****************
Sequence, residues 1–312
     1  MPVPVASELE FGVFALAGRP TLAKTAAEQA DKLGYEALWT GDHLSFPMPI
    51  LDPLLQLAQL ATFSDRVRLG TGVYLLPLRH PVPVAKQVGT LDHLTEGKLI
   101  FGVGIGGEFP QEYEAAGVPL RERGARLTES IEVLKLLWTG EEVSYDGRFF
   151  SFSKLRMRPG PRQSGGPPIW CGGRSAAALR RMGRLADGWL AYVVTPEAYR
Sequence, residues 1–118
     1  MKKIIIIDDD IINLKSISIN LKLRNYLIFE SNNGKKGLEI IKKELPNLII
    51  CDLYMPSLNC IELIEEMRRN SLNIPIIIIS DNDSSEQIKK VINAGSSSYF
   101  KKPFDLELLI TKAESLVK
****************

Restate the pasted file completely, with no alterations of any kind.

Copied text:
Sequence, residues 1–312
     1  MPVPVASELE FGVFALAGRP TLAKTAAEQA DKLGYEALWT GDHLSFPMPI
    51  LDPLLQLAQL ATFSDRVRLG TGVYLLPLRH PVPVAKQVGT LDHLTEGKLI
   101  FGVGIGGEFP QEYEAAGVPL RERGARLTES IEVLKLLWTG EEVSYDGRFF
   151  SFSKLRMRPG PRQSGGPPIW CGGRSAAALR RMGRLADGWL AYVVTPEAYR
Sequence, residues 1–118
     1  MKKIIIIDDD IINLKSISIN LKLRNYLIFE SNNGKKGLEI IKKELPNLII
    51  CDLYMPSLNC IELIEEMRRN SLNIPIIIIS DNDSSEQIKK VINAGSSSYF
   101  KKPFDLELLI TKAESLVK